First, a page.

SEATTLE – Much about the start to this Mariners season is a bit off-kilter. But that stands to reason, I suppose, in a year of such seismic change and philosophical recalibration.
For one thing, the Mariners are playing games that count in the middle of March, while 28 other teams are still working out their winter kinks. They will be contesting those first two games on another continent, in the wee hours of Wednesday and Thursday mornings in Seattle, unseen by all but the hardiest fans.
But the most jarring element to the start of the Mariners’ 2019 season involves their two legends, Ichiro and Felix Hernandez, stuck in various states of uneasy limbo.
How they untangle those threads will provide a good portion of the Mariners’ early drama.
Ichiro, maybe the worst hitter in all of the Cactus and Grapefruit Leagues this spring, will nevertheless be in the opening-day lineup for the Mariners against Oakland at the Tokyo Dome.
I don’t know which is more incongruous – that Ichiro is getting the nod for the opener, or that Felix is not. The King on the mound to start the season has become a rite of spring in Seattle.
But here we are. Permission to talk frankly: Neither Ichiro nor Felix – both are first-name-only icons – is long for this team. If this were a normal season, in fact, Ichiro’s wretched spring (2 for 31 with 10 strikeouts) would have led the Mariners to gently and tactfully ease him off the roster.
And if finances weren’t a factor, it’s hard to imagine that a pitcher whose ERA has risen in four consecutive seasons, all the way to 5.55 in 2018, and who was sporting an ERA north of 15 in the spring with absolutely no signs of pending mastery, would make it into the regular season.
But this isn’t a normal season. For one thing, wins and losses aren’t at the top of the Mariners’ priority list. In that dynamic, I don’t think anyone begrudges Ichiro a ceremonial send-off in his homeland, where he is beloved almost beyond comprehension.
And finances are a factor. No club is going to throw away $27 million, Hernandez’s salary in the (mercifully) final year of his contract, without first seeing if it can get something, anything, out of him.
The challenge facing the Mariners, which may be unsolvable, is to usher these two players out, as will inevitably be the outcome, with a minimum of hard feelings, and with the reverence their careers have earned.
One thing we’ve learned in Seattle sports is that it’s not easy to leave town with goodwill and mutual affection – at least not at the beginning.
We’ve seen that play out the past few years on the Seahawks with Richard Sherman, Michael Bennett and Earl Thomas. We saw it on the Mariners with Randy Johnson, Ken Griffey Jr., Alex Rodriguez, even Lou Piniella. We saw it on the Sonics with Gary Payton and Shawn Kemp.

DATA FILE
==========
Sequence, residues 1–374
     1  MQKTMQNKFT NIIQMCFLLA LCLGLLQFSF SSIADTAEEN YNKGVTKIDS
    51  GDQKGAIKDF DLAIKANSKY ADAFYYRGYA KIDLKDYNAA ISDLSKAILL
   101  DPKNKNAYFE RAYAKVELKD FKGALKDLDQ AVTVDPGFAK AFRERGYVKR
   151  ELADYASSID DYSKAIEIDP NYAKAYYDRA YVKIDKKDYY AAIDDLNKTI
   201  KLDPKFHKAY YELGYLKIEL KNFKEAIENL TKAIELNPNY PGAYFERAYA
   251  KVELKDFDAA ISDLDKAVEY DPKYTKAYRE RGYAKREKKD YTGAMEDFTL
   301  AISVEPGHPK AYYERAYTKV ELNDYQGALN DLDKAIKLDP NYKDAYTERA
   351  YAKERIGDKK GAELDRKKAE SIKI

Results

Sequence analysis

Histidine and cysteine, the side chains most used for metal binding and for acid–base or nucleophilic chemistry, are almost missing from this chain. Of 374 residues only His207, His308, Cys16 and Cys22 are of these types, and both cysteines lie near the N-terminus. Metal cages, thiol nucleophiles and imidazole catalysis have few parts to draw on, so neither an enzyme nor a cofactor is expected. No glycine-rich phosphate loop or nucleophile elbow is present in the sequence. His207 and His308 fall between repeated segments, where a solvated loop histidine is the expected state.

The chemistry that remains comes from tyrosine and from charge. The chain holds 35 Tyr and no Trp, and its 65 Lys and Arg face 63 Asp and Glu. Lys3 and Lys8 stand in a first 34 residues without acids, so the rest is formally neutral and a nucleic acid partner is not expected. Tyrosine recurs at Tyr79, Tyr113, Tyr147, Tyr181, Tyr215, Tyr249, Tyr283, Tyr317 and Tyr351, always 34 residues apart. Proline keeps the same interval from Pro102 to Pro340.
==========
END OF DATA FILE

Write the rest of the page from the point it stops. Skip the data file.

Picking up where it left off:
Not to contradict The Bard, but in sports, parting can be sour sorrow. But we’ve also seen that in most cases, time heals the wounds – on both sides.
Times reporter Ryan Divish has reported that Ichiro will be removed from the Mariners’ 40-man roster soon after the Japan trip. It is the only possible outcome. Though I wrote this winter that I wouldn’t have a problem with Seattle keeping Ichiro this season for ceremonial and mentoring reasons, that was before I saw him play this spring. He looked every second of 45 years old.
Time moves in only one direction, and the sad reality is that Ichiro has reached the end of the line, whether or not he acknowledges it. And I suspect he is finally ready to.
We keep saying farewell to Ichiro in Seattle. We did so when he was traded to the Yankees in 2012, and again when the Mariners took him off the active roster last May. I sense the final farewell will take place in or around the opening weekend of the home season, and Ichiro deserves every bit of adulation that I anticipate will, once again, be bathed upon him.
Felix presents a far thornier dilemma. He turns 33 on April 8, not an age when a proud athlete concedes defeat. For a long while, Hernandez didn’t show the willingness to acknowledge that a change in pitching style was necessitated by his waning power. And now that the realization may finally be hitting home, he hasn’t shown the capacity to forge a new style that will make him effective.
Of course, spring training is just spring training, unless you’re 45, and maybe Felix is holding back for games that count. Maybe the renaissance of The King will play out in real time, starting April 2 against the Angels.
Or maybe not. Either way, these are the end days for Felix Hernandez in Seattle. He’ll pitch his way out of here one way or the other – it seems inevitable – by being so good that someone else wants him, or so bad that no one does.
There doesn’t seem to be much middle ground, at least the sort that’s palatable for both sides. As such, there’s an undeniable tension that surrounds Hernandez these days, and it doesn’t bode well. There’s also an undeniable melancholy, for reasons that don’t have to be spelled out.
I sincerely hope it doesn’t end in acrimony, because Hernandez’s body of work, like Ichiro’s, warrants a tidy end. I feel confident his adulation will come, too. Eventually.
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